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Rhode Island Seniors on Medicare Advantage May Lose Access to Quality Eye Care and Surgery

PRESS RELEASE: Providence, Rhode Island (11/13/2013) It is estimated that about a 100 Rhode Island physicians have been dropped from UHC’s Medicare Advantage plans also sold under AARP Medicare Complete. Physician groups dropped include Koch Eye Associates, the leader in eye care and eye surgery in RI. Koch Eye Associates currently treats approximately 3,000 or 10% of the UHC’s Medicare Advantage members.  While United Health Care has the contractual right to shrink its network, in a small state such as Rhode Island it really threatens to limit access, quality and efficient care for seniors.  

Why would UHC Medicare Advantage drop a group like Koch Eye Associates?  

“We were shocked and disappointed to receive such a notice since we are a leader in eye care, have the only ophthalmic ambulatory surgery center in the state, follow best clinical practices and have an Electronic Medical Record (EMR) to ensure the integration of care both within our group and with physicians in the community. As a result of UHC’s terminations, seniors may have to travel to another state to get their care and even be forced to go to a hospital for cataract surgery,” commented Paul Koch, M.D., Medical Director of Koch Eye Associates. 

Perhaps UHC made this decision without knowledge of the local market given a comment made by Jack Larson, UHC’s CEO of Community and State. “We are working to collaborate with a more focused network of physicians to help us provide higher quality and more affordable health care coverage to meet the needs of our members, and help them get more from their health plan benefits.”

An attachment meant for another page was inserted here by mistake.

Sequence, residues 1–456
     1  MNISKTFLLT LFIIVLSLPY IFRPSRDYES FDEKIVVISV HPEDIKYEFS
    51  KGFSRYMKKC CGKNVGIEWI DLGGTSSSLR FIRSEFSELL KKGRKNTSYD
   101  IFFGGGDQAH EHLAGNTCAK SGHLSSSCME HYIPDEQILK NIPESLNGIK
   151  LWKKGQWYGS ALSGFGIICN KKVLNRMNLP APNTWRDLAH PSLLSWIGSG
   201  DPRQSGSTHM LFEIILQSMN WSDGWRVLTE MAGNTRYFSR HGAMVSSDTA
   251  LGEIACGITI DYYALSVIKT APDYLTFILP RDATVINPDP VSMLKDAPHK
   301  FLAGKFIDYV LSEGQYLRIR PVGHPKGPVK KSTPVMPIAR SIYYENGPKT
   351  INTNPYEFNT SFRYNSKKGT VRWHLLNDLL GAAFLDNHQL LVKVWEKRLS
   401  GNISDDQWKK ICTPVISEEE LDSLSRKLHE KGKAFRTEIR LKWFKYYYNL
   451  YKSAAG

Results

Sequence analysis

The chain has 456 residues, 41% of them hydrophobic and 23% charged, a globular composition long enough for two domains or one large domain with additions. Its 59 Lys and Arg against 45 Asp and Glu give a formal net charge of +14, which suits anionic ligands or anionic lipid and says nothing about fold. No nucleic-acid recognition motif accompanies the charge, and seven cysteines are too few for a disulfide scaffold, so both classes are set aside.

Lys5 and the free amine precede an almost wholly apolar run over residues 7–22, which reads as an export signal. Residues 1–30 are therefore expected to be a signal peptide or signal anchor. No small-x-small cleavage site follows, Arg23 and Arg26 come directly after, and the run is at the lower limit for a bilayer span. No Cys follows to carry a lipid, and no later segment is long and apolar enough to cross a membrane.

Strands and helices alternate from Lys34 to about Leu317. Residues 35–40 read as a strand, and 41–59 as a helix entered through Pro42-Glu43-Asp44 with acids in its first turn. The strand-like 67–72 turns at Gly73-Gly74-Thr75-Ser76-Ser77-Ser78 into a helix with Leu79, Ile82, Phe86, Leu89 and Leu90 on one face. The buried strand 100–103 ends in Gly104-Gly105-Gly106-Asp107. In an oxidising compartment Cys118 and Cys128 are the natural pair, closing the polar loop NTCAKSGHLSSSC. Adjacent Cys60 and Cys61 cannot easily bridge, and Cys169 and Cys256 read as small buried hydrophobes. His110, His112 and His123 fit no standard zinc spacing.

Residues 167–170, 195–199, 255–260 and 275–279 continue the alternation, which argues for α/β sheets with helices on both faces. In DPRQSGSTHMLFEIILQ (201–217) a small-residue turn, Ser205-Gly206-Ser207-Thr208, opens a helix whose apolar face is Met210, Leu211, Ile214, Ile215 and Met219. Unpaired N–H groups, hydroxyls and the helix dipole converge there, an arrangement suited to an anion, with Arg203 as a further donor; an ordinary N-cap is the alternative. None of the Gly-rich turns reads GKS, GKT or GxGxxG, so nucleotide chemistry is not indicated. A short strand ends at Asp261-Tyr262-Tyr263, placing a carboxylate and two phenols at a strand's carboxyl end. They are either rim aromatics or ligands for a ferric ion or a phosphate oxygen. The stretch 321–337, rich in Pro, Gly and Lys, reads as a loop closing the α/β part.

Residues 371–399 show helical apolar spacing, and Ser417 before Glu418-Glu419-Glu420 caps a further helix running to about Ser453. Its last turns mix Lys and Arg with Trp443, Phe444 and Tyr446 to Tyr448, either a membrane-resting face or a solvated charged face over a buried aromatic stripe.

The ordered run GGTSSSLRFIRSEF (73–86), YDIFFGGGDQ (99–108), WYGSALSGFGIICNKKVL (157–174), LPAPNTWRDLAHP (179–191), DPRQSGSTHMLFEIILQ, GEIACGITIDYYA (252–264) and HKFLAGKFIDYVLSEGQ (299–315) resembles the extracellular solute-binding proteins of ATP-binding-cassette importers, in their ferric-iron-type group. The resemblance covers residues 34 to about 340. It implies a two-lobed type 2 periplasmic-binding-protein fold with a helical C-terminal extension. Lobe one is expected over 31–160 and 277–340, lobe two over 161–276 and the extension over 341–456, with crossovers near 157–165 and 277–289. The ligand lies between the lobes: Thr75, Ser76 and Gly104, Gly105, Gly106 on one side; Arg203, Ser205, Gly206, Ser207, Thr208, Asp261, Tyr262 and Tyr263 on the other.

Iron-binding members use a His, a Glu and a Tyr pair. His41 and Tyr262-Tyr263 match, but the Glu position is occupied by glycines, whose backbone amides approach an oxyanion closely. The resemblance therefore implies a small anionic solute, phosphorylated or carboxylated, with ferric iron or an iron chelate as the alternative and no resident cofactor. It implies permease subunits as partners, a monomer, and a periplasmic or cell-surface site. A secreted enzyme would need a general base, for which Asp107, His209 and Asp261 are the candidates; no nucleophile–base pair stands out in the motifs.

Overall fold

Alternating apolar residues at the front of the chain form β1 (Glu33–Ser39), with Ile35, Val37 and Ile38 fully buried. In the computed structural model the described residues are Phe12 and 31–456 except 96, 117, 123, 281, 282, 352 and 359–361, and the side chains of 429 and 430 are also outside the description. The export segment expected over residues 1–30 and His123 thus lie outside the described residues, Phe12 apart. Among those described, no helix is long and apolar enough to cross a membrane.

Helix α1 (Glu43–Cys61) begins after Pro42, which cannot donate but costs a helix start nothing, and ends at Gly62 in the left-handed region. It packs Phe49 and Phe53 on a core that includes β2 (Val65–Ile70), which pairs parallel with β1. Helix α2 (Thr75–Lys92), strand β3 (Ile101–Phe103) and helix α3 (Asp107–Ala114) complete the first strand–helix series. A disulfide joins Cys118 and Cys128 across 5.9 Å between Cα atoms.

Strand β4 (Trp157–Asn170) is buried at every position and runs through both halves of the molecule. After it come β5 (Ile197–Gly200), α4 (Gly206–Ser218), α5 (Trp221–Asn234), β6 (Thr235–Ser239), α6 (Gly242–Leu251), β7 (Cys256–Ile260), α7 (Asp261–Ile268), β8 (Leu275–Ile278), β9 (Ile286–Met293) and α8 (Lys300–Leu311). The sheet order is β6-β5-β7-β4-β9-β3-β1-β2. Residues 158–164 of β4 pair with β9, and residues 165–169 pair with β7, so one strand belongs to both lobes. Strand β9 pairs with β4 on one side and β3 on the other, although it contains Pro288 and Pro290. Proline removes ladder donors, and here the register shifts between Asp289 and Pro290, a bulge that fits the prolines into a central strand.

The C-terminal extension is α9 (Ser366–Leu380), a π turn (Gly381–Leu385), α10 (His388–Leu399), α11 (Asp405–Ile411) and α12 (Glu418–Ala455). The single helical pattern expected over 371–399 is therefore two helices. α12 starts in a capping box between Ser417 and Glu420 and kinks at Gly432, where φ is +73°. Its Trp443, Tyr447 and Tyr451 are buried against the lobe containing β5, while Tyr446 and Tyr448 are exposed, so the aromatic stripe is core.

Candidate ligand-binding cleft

Perhaps UHC is trying to reduce their membership of seniors since it appears they are not earning the same quality bonuses experienced by other Medical Advantage Carriers. They seem to be shifting blame to the government. “Washington is squeezing payments to managed care plans like AARP’s–collectively known as Medicare Advantage. The idea is to bring these private plans in line with the cost of original, fee-for-service Medicare,” said Larson.  

Unfortunately UHC’s recent decision may make it necessary for many seniors to pay more out of pocket or switch doctors. “This is especially troubling for seniors who are on fixed incomes and are under treatment for serious eye diseases such as macular degeneration or diabetic eye problems that require continual care. Having any disruption of care at all has serious consequences. We will continue to see our patients with United Medicare Advantage. It is a shame that they won’t be getting the full benefit from their insurance,” further noted Dr. Koch. 

What should seniors do?

Ø  Make sure you are evaluating your options for coverage.

Ø Write to your state representatives asking them to advocate for maintaining access to quality providers and continuity of care.

Ø  Follow your physician’s advice on how to stay healthy and prevent illness since you are going to be faced with less choice and bigger health care bills in the future.

For additional information, contact:

Katie Carlisle, Medical Management Services Group, L.L.C., 733 Turnpike Street, N. Andover, MA 01845, Katie@aboutcataractsurgery.com, 978-470-8217

SOURCE: Medical Management Services Group, L.L.C.